As cats are carnivores so that they normally hunt the prey and rely on those animal products that are rich in protein, average in fats, and a minute amount of carbohydrates. Besides these, the feline also requires many other nutrients like minerals, amino acids, vitamins, and fatty acids.
It is obvious that only the required amount of nutrients is always better, so never feed more than of that. If you are feeding your pet a complete and balanced diet, then supplements are not required.
Without the prescription of your veterinarian, supplements should never be given because they may be harmful. Access to fresh and clean water should be provided to your cat at all times.
Raw Cat Food: The Risks and the Rewards
It is said by Remillard that raw meat diets are not so safe or nutritionally sounds. American Animal Hospital Association backed up her by warning about the salmonella poisoning risk to both the pet and the owners family.
A veterinarian in Calif; Lisa Pierson, disputes these kinds of arguments on her website by saying that she is making her own cat food for 6 years and have not faced issues of bacterial contamination. She is careful about her pets, and she has the knowledge that where from the cat diet stuff comes from. She parboils chicken and rabbit bones, adds minerals, and grinds it by herself, and that’s how she makes a balanced diet.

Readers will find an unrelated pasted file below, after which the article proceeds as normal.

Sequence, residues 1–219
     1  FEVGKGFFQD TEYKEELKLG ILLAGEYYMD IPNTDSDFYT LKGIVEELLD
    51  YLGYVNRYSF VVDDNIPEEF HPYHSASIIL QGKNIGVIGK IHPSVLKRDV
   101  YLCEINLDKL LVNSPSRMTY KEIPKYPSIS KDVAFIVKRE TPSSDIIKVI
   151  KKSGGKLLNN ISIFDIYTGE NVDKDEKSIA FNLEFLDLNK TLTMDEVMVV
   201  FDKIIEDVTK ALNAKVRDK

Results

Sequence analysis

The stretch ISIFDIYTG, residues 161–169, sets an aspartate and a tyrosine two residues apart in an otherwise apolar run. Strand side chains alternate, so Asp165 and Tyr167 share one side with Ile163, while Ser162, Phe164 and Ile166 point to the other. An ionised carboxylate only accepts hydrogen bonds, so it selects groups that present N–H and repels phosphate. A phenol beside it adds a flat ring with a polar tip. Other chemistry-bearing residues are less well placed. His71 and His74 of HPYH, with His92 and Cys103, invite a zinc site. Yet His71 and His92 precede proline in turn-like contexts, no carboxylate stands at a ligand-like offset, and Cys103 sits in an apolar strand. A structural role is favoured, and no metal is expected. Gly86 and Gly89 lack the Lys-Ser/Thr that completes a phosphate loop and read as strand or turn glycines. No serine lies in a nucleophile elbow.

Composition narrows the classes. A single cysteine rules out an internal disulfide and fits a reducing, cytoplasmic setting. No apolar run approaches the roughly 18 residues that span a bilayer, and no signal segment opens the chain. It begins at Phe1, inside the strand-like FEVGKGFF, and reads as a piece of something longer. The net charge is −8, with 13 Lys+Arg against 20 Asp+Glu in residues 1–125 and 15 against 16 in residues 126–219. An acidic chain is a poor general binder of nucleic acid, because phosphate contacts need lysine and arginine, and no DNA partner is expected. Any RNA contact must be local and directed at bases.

It is experienced by her that it’s cheaper and takes only 2 hours a month to make this at home.
Raw Meat Diet
- Whole fowl or rabbit: 3 pounds, including skin, organs, and bones
- Water: 1 cup
- Eggs: 2
- Vitamin E: 400 IU
- Wild salmon oil: 2000 mg
- Vitamin B-complex: 100 mg
- Taurine: 2000 mg
- Salt with iodine: ¾ tsp
A Homemade Diet: The Risks and Rewards
Making cooked or raw food at home is warned by Cornell University’s College of Veterinary Medicine due to the importance of the right proportion and quantity of nutrients.
Remillard said that she had a conversation with many cat owners. Due to melamine poisoning in commercial cat food, owners are anxious to switch to homemade cat food. And while she doesn’t endorse homemade cat food diets, but for this, they have to consult a veterinary nutritionist to prescribed one.
For a healthy 12-pound cat, the following recipe is proposed by the MSPCA-Angell Animal Medical Center. This recipe is for a day.
- Protein: 83 grams or 3 wt-ounce (cooked beef, pork, salmon, tuna, lamb or chicken)
- Carbohydrate: 50 grams or 1/3 cup (cooked barley, white rice, corn, pasta or peas)
- Fat: 1/4 table spoon (olive oil, vegetable oil, or fish oil)
- Fiber: 1/5 cup or 30 grams, sweet potato cooked and without skin
- 2.7 g commercial vitamin or mineral blend
Raw cat diet and homemade diets are good for a cat, but you should always take care of your hygiene and nutritional requirements. You can use homemade food if your cat has a sensitive stomach or suffers from allergies but always consult your vet before offering it to the cat.